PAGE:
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Incidence of irritable bowel syndrome and chronic fatigue following GI infection: A population-level study using routinely collected claims data

Gut

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Enrichment of IL-17A (+) IFN- (+) and IL-22 (+) IFN- (+)T cell Subsets Is Associated with Reduction of NKp44 (+) ILC3s in the Terminal Ileum of Crohn's Disease Patients

Clinical and Experimental Immunology

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Association of Helicobacter pylori infection with Parkinson's diseases: A meta-analysis

Helicobacter

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The impact of antiangiogenic therapy combined with Transarterial Chemoembolization on enhancement based quantitative tumor response assessment in patients with hepatocellular carcinoma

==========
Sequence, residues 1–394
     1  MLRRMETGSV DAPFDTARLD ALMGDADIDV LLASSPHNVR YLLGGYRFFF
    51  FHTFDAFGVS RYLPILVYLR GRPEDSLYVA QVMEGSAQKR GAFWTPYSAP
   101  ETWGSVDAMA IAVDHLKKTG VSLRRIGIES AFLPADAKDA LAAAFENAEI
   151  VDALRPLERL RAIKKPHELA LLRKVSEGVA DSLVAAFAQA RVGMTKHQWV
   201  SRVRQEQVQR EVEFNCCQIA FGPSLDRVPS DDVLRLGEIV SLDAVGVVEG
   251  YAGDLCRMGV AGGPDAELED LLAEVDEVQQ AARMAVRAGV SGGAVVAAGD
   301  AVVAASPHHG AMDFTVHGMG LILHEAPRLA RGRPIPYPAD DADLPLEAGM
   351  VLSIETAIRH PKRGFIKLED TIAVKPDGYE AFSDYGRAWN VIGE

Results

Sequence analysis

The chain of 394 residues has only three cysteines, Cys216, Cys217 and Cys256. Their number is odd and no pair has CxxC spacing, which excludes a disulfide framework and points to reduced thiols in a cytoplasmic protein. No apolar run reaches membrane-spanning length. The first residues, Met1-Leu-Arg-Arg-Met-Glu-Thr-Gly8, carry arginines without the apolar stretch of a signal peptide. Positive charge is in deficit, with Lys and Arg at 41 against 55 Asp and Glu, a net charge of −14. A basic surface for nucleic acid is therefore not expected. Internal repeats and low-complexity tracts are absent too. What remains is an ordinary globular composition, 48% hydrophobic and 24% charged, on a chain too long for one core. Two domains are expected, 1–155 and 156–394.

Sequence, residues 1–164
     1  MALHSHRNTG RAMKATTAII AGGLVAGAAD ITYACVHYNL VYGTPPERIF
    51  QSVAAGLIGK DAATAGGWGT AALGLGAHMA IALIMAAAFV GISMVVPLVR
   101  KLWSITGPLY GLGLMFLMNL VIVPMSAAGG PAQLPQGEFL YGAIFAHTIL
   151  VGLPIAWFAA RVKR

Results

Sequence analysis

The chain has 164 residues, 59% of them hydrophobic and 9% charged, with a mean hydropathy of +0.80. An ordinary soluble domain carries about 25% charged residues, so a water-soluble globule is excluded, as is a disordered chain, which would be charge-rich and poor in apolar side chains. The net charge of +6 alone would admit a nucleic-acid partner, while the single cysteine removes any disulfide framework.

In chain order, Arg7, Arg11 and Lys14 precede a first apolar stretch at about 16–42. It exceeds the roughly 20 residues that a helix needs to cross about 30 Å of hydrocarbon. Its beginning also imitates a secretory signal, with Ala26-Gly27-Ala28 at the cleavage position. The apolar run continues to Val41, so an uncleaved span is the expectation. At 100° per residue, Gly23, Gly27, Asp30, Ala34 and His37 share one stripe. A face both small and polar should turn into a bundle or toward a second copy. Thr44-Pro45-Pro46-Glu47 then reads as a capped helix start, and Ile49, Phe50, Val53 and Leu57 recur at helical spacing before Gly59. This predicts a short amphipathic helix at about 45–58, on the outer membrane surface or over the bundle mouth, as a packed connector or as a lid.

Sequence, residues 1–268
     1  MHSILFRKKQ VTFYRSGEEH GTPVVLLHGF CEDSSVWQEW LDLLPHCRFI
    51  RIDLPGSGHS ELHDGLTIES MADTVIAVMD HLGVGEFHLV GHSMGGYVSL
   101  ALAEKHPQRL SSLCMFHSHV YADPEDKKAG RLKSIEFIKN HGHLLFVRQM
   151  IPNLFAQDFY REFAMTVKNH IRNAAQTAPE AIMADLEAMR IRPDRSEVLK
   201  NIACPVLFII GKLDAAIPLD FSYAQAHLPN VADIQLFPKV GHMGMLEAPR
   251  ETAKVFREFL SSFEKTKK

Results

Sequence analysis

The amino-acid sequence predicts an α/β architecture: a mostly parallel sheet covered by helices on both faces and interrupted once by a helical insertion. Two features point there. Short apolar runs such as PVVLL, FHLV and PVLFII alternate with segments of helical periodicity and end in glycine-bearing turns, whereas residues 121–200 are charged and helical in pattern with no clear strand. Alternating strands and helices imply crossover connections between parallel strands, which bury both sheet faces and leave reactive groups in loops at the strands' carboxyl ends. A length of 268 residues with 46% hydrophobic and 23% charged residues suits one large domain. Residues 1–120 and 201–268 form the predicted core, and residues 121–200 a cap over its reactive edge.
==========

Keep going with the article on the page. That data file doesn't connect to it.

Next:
Clinical Imaging

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Epidemiology of hepatitis B and the role of vaccination

Best Practice & Research Clinical Gastroenterology

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Technique: Sizing up tumours with Tuba-seq

Nature Reviews Genetics. doi:10.1038/nrg.2017.50

Author: Michelle Trenkmann



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Network propagation: a universal amplifier of genetic associations

Nature Reviews Genetics. doi:10.1038/nrg.2017.38

Authors: Lenore Cowen, Trey Ideker, Benjamin J. Raphael & Roded Sharan



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Six-Food Elimination Diet and Topical Steroids are Effective for Eosinophilic Esophagitis: A Meta-Regression

Abstract